In historical geology, the primary methods of absolute dating involve using the radioactive decay of elements trapped in rocks or minerals, including isotope systems from very young (radiocarbon dating with Radiometric dating is based on the known and constant rate of decay of radioactive isotopes into their radiogenic daughter isotopes.
When they find one, they gather a sample of the hardened lava and send it off to a laboratory to test it for radioactive elements.
When a volcano erupts, hot, molten rock (called “lava”) from deep inside the Earth is released. Elements are the “building-blocks” of the universe (for example, water is made from the elements hydrogen and oxygen).
C in the atmosphere haven’t been constant throughout history (for instance, Noah’s Flood lowered the total amount of available carbon by burying lots of animals and plants).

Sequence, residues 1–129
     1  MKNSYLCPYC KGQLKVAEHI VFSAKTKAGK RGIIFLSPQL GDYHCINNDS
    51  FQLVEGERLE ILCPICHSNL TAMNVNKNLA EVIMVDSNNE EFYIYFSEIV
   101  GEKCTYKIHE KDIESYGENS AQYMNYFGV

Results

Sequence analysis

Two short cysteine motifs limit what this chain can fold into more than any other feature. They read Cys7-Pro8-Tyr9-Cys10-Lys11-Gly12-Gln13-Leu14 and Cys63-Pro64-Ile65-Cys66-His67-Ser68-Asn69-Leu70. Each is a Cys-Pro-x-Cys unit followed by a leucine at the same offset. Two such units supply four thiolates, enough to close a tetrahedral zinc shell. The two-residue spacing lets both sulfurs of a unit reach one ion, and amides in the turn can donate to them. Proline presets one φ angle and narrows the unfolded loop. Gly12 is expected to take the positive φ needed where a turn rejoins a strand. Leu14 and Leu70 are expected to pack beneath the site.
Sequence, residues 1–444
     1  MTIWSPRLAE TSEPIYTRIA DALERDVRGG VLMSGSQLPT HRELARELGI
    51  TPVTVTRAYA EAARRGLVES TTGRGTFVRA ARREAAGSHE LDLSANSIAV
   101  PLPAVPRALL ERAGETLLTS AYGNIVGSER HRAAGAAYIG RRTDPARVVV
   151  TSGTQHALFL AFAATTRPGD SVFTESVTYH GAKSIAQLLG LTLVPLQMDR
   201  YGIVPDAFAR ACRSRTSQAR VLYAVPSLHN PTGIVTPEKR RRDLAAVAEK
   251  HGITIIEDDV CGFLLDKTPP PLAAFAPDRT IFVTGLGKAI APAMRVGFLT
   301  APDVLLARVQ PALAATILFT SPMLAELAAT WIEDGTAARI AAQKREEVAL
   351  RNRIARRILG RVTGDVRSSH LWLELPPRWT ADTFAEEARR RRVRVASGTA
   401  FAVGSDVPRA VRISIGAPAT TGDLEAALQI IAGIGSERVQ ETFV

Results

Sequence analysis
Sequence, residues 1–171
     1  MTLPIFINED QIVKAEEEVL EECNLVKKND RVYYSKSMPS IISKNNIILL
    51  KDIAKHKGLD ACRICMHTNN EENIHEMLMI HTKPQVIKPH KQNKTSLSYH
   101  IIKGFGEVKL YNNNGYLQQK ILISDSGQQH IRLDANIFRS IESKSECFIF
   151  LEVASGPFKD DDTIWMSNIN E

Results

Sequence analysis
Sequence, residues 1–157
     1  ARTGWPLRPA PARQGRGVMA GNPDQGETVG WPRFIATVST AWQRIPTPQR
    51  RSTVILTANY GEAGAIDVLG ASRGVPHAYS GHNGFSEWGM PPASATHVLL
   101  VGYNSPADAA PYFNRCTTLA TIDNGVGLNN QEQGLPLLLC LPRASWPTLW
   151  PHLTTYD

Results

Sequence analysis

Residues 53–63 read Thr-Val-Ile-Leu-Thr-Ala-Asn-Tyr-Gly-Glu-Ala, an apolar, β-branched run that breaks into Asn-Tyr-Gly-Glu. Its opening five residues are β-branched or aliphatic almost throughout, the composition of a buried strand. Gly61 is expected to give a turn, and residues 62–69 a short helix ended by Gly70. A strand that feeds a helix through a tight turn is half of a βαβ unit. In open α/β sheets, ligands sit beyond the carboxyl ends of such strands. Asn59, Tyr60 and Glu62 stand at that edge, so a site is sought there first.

So something that lived (and died) when the proportion of C was less than normal would appear to have died more years ago than it actually did (for example, it might give an age of 3,000 years before the present, rather than its true age of 2,000 years).
Of course, the best method is to check the account of a reliable eyewitness, if one is available. Since it is the written Word of God, we can trust it to tell us the truth about the past.
Carefully studying the Biblical record, we find that the universe has an age of around 6,000 years, and that a world-changing, global Flood occurred about 4,300 years ago.
But even radiometric dating does not actually directly measure the age of something (there is no substance called “age”).
It measures the amounts of certain radioactive substances.
Most people think that scientists can actually measure the ages of rocks, using a method called “radiometric” or “radioisotope” dating.